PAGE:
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Common Foot Problems for Runners and How to Prevent Them

Common Foot Problems for Runners and How to Prevent Them

You run for your health and for the natural high that it gives you. But if you don’t run with proper technique, or you ignore the signs your feet send you, your risk being sidelined for good.

Running puts tremendous strain on your feet, so you must keep them in good operating condition. That includes getting the care they need ASAP when something (like your step) goes awry.

At Advanced Foot & Ankle Center, our board-certified podiatrists treat common problems runners have with their feet and help you prevent these issues, too. We service runners of all abilities at our offices throughout Utah.

Would you like to know what the most common runner’s foot problems are and how to prevent them? Read below. Your feet will thank you.

Foot pain

Generalized foot pain is one of the most common problems for runners. Considering how much stress you put on your feet and ankles with each foot strike, it’s a wonder that you’re ever out of pain.

The first place to start when addressing foot pain is to be sure that you’re wearing the right type of shoe, the best-fitting shoe, and a shoe that hasn’t lost support and strength.The wrong shoe can give you blisters and corns and increase your risk for stress fractures. 

Be sure your shoes fit snugly, but not tightly. You should have about 1/2 inch of space between the tip of your big toe and the end of the toe box when you stand up straight.

After you put on your shoes, stomp each heel against the ground so the heel cup supports your heel properly. Tie them tightly enough to prevent sliding when you run, but not tightly enough to cut off circulation. Discard and replace worn shoes regularly.

You might also benefit from customized orthotics. We design high-tech orthotic inserts that slip into your shoes to prevent misalignments and other problems, including over- and under-pronation. The right orthotics increase your comfort and even your speed.

Sprained ankle

A sprained ankle is a common injury among all kinds of athletes who run and stop, including runners. A sprain is a stretching or tear in any of the ligaments that support your ankle on either side.

Sprained ankles are painful and may limit your range of motion. A severe strain can prevent you from running for weeks or months. Without proper care and treatment, a sprained ankle can lead to chronic ankle instability, multiple sprains, and more.

The best way to prevent ankle sprains is to build up strength and flexibility in your ankle and foot. Be sure to include ankle strengthening exercises in your training. Warm up and cool down before practice and races with ankle circles to increase circulation to the area.

Plantar fasciitis 

If you suffer from chronic heel pain or if the soles of your feet feel sore or tight, you may have inflammation in the plantar fascia tissue, a condition known as plantar fasciitis. Plantar fasciitis develops as a result of stress and wear and tear. The pain and inflammation are caused by microtears in the tissue.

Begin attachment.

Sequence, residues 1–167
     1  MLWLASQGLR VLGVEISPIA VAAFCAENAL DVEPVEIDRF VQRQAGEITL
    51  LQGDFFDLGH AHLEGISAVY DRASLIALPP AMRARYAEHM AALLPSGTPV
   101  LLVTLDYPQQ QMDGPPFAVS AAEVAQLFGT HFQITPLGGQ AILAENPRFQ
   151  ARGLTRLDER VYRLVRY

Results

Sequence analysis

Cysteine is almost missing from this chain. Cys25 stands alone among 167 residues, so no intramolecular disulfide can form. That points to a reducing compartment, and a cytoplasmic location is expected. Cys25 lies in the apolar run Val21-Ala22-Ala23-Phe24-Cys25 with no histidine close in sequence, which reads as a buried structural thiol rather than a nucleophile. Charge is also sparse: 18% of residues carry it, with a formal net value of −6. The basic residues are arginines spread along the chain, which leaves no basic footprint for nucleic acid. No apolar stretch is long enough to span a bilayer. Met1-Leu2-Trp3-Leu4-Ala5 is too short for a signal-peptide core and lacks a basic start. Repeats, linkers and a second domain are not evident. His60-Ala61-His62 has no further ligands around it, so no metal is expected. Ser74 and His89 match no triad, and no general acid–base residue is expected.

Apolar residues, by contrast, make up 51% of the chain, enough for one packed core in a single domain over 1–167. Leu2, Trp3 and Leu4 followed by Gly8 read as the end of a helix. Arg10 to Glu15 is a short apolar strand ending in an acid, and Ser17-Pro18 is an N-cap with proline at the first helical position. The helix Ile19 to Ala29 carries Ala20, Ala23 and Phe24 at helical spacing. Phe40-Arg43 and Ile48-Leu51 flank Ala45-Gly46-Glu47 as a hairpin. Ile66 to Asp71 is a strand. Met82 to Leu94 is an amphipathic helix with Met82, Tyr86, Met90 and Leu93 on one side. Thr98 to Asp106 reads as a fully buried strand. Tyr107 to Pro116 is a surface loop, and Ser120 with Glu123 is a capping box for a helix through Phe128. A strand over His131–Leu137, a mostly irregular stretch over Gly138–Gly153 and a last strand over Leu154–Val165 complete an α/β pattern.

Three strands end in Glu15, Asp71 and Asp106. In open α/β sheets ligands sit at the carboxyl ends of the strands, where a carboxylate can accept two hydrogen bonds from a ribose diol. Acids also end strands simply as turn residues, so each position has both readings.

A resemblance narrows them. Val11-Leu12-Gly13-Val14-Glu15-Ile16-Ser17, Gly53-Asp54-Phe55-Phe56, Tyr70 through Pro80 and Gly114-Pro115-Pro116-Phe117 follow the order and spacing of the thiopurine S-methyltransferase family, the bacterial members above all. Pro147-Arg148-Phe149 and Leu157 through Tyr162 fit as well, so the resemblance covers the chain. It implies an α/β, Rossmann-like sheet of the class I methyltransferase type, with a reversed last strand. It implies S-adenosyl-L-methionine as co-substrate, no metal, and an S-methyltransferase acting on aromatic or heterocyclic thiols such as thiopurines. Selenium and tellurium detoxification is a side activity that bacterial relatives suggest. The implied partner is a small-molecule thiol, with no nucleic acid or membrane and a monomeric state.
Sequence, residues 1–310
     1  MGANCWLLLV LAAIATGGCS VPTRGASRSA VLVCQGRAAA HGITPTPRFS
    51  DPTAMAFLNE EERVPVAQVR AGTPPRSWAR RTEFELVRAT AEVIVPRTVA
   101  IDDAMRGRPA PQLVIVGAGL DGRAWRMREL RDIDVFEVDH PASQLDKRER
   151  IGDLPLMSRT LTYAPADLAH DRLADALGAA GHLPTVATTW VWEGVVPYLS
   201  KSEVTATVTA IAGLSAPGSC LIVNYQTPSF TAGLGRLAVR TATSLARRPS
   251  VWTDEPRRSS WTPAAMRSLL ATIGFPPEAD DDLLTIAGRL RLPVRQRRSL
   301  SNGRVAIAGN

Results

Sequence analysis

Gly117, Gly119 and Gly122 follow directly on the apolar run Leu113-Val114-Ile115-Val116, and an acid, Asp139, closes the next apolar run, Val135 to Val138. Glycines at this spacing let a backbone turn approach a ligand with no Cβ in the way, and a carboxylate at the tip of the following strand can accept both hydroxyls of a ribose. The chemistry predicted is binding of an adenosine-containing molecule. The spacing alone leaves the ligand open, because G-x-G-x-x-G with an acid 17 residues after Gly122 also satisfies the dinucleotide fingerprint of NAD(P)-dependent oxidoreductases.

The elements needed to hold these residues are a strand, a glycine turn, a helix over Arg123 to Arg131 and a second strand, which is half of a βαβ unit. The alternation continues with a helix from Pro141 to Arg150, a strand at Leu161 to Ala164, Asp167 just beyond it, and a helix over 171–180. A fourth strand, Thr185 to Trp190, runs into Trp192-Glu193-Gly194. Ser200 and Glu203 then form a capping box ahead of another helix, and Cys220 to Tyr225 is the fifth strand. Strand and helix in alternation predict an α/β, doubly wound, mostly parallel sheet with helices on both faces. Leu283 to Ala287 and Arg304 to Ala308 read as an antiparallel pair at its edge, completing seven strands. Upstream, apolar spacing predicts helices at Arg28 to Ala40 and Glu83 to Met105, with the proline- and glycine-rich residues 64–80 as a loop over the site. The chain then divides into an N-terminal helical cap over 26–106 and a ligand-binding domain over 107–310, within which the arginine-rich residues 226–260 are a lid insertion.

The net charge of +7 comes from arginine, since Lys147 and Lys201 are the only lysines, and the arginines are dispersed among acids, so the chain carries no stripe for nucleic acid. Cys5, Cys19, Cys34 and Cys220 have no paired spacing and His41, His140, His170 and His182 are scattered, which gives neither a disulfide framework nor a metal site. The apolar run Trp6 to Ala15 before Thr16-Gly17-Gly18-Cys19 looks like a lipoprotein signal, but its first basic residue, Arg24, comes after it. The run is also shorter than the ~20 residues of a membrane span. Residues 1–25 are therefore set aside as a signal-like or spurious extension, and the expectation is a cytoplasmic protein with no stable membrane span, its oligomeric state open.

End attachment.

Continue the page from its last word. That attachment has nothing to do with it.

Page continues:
Prevention and treatment involve gently stretching the soles of your feet and the back of your heel. Although plantar fasciitis often resolves on its own, it’s not a fast process. If you’re prone to plantar fasciitis, prevent a recurrence with plantar stretches, night splints, and custom orthotics that support your arches.

Fungal infections

Fungi love warm and wet conditions. Guess what’s in your running shoes, if you don’t take proper care? 

To prevent athlete’s foot and other fungal infections, make sure you never go barefoot in public spaces, including gyms, pools, spas, and the beach. Don’t share towels, socks, or other personal items with other people.

Wear synthetic socks that have wicking capabilities so that sweat evaporates rather than accumulates in your shoes. Wash your feet daily and dry thoroughly, especially between your toes.

Morton’s neuroma

If you feel like your socks are bunched up or like you have a stone in your shoe, you may have a condition called Morton’s neuroma. Morton’s neuroma is a thickening of tissues that surround the nerves of your toes. Morton’s neuromas usually develop on the ball of the foot, between the third and fourth toes, due to the high impact stress of running.

You can prevent Morton’s neuroma by stretching your calf muscles and Achilles tendons. This helps to redistribute weight away from the ball of your foot.

If you’re a runner, regular visits to your podiatrist help keep your feet and ankles stretched, strong, and injury free. Whether you need a gait evaluation, custom orthotics, or treatment for foot pain or other conditions, call our team at the office nearest you or book your appointment online today.

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